Anyone who is curious about the problem of addiction and how to best blunt its public-health impact should keep an eye on the supervised-injection-site movement. As reporters Pierre Saint-Arnaud and Mylene Crete explain in a Toronto Globe and Mail article published late last week, “Supervised injection sites provide a safe space for addicts and provide them with the necessary equipment — sterile syringes, gauze pads and the like — for safe injections … The users themselves bring their drugs, the sites pride themselves on being anonymous and confidential, and the users are accompanied on site by nurses and community and psycho-social workers.”
The overall goal of these sorts of facilities is to keep injection-drug users safe and to keep them in contact with a city’s public-health apparatus, and there’s some solid evidence that supervised-injection sites ameliorate the public-health toll certain types of drug use can take on a city. And now, Saint-Arnaud and Crete’s article notes, Canada’s federal government has approved the opening of two supervised-injection sites in Montreal, and it will happen within “a matter of weeks.”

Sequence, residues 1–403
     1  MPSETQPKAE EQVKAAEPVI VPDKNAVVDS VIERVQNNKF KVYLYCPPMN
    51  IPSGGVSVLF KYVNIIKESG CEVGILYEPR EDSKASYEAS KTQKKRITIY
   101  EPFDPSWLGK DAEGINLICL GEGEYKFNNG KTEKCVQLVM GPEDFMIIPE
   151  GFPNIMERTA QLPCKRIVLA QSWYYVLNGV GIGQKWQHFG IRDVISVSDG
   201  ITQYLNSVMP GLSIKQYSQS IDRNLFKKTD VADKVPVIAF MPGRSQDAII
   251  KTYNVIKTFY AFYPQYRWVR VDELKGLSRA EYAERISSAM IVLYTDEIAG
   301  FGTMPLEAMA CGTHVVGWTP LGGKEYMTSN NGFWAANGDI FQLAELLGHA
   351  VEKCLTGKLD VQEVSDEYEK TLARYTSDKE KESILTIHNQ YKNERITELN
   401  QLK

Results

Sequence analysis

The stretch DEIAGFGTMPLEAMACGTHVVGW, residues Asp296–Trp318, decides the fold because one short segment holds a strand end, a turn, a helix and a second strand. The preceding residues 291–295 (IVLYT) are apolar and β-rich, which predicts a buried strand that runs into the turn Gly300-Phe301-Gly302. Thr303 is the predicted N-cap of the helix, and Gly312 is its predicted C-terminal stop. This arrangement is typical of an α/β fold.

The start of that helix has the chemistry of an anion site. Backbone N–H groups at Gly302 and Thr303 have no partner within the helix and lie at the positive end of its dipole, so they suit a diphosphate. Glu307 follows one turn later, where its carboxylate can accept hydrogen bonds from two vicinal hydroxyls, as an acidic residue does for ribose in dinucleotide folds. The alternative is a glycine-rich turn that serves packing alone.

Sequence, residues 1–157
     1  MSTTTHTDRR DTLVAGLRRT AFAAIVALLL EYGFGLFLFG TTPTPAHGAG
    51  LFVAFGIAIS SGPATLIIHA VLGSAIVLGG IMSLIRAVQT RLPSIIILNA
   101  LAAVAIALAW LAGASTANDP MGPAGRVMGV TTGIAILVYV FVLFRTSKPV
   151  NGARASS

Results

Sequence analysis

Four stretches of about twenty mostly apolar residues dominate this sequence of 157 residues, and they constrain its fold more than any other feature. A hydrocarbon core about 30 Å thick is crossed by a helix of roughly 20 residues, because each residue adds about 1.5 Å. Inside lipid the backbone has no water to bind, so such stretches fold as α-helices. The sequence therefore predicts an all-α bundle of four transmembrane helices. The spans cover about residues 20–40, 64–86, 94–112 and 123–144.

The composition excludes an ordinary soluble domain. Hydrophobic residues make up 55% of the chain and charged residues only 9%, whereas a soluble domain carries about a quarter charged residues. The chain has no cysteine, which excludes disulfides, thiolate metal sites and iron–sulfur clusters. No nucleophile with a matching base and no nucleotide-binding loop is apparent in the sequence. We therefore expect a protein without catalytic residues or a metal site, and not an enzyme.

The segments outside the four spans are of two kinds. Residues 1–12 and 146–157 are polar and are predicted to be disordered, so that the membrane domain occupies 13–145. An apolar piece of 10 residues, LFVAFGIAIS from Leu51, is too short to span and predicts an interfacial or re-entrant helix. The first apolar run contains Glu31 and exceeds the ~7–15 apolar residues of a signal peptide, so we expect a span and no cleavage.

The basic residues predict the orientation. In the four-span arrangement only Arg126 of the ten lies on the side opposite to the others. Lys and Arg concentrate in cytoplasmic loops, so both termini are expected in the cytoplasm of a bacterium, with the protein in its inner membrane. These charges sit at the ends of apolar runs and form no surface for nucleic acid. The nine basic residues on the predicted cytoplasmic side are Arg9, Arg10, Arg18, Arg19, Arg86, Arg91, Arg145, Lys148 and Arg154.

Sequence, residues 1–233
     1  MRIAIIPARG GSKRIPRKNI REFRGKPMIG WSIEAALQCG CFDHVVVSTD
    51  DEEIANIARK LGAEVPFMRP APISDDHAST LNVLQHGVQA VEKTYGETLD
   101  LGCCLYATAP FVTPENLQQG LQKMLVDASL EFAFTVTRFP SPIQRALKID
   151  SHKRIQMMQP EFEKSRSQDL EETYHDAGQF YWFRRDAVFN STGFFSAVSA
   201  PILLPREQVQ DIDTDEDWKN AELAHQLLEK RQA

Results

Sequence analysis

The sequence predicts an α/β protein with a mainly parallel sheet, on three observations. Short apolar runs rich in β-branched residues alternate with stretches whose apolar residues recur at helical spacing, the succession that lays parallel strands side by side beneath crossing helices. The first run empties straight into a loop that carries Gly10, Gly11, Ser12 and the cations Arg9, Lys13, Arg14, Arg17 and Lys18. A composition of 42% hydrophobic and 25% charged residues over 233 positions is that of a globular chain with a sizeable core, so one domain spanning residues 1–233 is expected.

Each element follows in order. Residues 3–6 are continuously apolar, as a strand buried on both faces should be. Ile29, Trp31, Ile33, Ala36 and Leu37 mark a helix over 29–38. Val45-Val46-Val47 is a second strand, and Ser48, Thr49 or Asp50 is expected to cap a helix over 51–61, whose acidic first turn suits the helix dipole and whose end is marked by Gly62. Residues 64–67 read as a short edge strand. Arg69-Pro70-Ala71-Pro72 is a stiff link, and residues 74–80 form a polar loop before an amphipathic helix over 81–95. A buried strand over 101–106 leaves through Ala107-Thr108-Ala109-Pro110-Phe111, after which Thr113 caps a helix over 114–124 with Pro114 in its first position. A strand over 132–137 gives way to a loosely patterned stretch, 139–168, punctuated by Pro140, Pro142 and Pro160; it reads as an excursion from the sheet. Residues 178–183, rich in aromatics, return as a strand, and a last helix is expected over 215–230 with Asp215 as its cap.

This idea is part of the broader philosophy of harm reduction, which is geared at, in a sense, accepting the imperfect and frequently messed-up world we have and trying to figure out how to make things a bit healthier and safer and happier. Some segment of the population is going to be injecting drugs: Do you want them doing it in a safe, clinical setting, or in a park? Stigmatizing a problem and driving it into the darkness only exacerbates it — which is why cities like Montreal should be applauded for taking a more thoughtful approach, even if it might seem a bit counterintuitive at first.